If you lived through the 1980s, you may recall seeing a small, cheerful woman with an unmistakable German accent speaking frankly — and sometimes rather explicitly — about sex on your television. It was unprecedented at the time that anyone would be allowed to talk about the subjects she covered in such detail and to such a wide audience, but thanks to her efforts, an entire generation learned to be more comfortable asking questions about sex and frequently got the answers they were seeking.
Decades later, Dr. Ruth Westheimer, better known as simply Dr. Ruth, is still going strong, having hosted multiple TV and radio programs and written dozens of books about human sexuality. This week, a new documentary called Ask Dr. Ruth delves into the influential sex therapist’s remarkable life, from her time growing up in an orphanage as a Holocaust survivor to her pop culture omnipresence during the 1980s and beyond, all told through Westheimer’s own words. Ahead of the film’s release, Dr. Ruth herself took some time to give Rotten Tomatoes her Five Favorite Films, and her choices unsurprisingly fall right in line with her life story and philosophy. Read on for the full list.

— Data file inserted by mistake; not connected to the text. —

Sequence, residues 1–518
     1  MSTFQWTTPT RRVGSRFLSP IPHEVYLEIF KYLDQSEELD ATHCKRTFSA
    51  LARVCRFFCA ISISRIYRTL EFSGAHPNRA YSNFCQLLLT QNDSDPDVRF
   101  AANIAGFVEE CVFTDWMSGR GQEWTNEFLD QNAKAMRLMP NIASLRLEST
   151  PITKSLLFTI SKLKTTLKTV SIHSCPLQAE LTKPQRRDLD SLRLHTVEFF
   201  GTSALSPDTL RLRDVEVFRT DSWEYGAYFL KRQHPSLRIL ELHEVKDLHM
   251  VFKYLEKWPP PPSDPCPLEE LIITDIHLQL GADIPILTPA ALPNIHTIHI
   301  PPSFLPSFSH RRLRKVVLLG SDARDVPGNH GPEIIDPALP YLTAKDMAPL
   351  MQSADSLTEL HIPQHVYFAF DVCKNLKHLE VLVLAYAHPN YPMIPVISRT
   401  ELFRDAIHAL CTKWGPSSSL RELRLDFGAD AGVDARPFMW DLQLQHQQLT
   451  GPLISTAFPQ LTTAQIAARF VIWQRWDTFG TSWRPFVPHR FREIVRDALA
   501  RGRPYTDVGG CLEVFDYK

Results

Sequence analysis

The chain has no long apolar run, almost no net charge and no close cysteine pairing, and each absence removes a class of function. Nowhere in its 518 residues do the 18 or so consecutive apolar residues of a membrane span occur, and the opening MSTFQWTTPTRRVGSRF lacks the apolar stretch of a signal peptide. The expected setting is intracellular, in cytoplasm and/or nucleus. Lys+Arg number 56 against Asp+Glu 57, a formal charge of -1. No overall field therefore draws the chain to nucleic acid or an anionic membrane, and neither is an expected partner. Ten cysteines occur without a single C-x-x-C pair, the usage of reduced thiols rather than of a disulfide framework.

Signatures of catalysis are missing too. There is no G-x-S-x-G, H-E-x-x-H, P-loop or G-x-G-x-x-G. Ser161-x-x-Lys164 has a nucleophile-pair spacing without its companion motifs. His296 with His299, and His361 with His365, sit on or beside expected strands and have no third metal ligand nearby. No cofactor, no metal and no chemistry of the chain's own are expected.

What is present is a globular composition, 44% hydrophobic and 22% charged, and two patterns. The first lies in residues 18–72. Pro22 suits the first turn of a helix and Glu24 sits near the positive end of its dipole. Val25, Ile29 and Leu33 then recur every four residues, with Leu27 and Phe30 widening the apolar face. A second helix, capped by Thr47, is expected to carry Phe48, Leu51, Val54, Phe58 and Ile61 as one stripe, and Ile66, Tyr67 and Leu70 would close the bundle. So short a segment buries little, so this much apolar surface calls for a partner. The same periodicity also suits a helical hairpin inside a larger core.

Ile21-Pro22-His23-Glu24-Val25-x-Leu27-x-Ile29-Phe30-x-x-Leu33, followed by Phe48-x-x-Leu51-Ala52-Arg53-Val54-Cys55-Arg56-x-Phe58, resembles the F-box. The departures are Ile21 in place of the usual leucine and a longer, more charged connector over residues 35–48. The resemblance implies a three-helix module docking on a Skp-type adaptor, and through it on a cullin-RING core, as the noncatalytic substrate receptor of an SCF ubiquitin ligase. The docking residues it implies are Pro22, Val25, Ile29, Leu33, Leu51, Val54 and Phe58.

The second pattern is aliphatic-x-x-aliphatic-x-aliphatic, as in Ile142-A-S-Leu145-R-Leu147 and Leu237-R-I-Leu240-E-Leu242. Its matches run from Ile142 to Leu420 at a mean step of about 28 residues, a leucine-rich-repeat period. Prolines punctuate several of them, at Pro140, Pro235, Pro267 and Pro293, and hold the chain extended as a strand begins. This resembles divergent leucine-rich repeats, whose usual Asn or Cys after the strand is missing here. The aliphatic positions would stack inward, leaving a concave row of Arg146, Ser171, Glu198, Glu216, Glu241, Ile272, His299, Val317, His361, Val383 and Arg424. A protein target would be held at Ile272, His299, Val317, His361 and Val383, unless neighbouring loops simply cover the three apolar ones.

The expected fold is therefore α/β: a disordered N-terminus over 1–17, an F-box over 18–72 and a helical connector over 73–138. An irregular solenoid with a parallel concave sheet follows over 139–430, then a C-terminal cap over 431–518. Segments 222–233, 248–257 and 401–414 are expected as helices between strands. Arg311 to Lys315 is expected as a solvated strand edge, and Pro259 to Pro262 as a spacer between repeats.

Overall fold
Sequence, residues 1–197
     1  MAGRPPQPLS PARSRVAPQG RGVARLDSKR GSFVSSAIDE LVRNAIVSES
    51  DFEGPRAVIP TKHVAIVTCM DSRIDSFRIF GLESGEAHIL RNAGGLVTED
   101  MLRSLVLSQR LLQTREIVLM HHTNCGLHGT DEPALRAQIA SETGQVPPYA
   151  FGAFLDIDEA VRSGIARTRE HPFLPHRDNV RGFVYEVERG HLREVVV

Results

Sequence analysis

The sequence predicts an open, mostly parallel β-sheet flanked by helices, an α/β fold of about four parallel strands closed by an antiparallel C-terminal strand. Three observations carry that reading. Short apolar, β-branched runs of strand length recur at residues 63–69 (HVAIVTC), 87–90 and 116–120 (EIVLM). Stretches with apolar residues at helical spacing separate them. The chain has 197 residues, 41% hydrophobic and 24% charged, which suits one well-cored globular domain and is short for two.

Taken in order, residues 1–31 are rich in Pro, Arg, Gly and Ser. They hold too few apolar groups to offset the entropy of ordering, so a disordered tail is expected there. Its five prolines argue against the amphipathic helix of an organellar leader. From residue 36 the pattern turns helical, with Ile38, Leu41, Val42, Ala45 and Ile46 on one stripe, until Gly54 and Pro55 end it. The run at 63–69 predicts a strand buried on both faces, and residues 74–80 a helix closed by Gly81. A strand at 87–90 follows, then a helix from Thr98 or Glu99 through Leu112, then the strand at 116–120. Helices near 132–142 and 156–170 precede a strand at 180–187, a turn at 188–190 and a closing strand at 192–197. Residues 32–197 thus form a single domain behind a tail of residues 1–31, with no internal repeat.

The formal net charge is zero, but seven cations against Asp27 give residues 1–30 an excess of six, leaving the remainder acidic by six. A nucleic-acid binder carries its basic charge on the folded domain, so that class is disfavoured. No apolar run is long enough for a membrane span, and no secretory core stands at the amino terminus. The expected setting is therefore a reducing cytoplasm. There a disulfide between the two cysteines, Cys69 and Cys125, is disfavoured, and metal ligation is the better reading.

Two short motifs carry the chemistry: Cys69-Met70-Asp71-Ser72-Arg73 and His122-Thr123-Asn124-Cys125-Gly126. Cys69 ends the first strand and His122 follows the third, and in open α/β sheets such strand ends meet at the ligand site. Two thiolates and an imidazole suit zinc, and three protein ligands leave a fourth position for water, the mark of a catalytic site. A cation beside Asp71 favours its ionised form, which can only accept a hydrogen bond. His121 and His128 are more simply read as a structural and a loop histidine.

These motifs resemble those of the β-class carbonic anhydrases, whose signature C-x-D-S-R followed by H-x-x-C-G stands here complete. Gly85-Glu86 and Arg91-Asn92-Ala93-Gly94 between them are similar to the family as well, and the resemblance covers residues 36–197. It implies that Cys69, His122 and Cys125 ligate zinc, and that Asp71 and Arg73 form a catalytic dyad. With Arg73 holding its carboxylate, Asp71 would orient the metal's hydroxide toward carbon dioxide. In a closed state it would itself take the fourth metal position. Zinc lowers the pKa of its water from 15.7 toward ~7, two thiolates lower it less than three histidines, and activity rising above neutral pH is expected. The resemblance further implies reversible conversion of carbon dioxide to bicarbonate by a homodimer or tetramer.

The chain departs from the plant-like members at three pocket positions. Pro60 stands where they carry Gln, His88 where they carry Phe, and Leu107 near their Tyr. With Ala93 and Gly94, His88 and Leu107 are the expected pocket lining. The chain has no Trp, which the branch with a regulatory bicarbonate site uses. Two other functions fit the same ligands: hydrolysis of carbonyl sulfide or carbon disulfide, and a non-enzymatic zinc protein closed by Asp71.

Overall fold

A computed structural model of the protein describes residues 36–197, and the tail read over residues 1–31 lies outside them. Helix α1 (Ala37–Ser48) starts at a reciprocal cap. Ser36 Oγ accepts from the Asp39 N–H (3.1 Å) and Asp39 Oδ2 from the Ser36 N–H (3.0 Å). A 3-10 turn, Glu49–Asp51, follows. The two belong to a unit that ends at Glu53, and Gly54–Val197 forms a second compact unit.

Shirley Temple could always make people smile, and when I was in the orphanage in Switzerland, seeing one of her movies, like The Good Ship Lollipop, would make me smile for a little while.
Rhett Butler’s line about kissing is one of my favorites: “No, I don’t think I will kiss you — although you need kissing badly. That’s what’s wrong with you. You should be kissed, and often, and by someone who knows how.” I think there are a lot of people out there who need to be kissed a lot more often and by someone who knows how.
I was very moved by her story and her courage. Plus, she’s still going, though she is five years younger than me.
As an orphan of the Holocaust, this movie touched me deeply. And in the hands of Steven Spielberg, the story was told so that it kept you on the edge of your seat.
There’s a song in the movie, “I Want to Wash That Man Right Out of My Hair,” that I used to have my radio producer play whenever some woman would call with a question about a man who was mistreating or ignoring her. People have to learn not to get stuck in one place, but to move on when it’s obvious that sticking around will only break your heart.
Ask Dr. Ruth opens in limited release on Friday, May 3.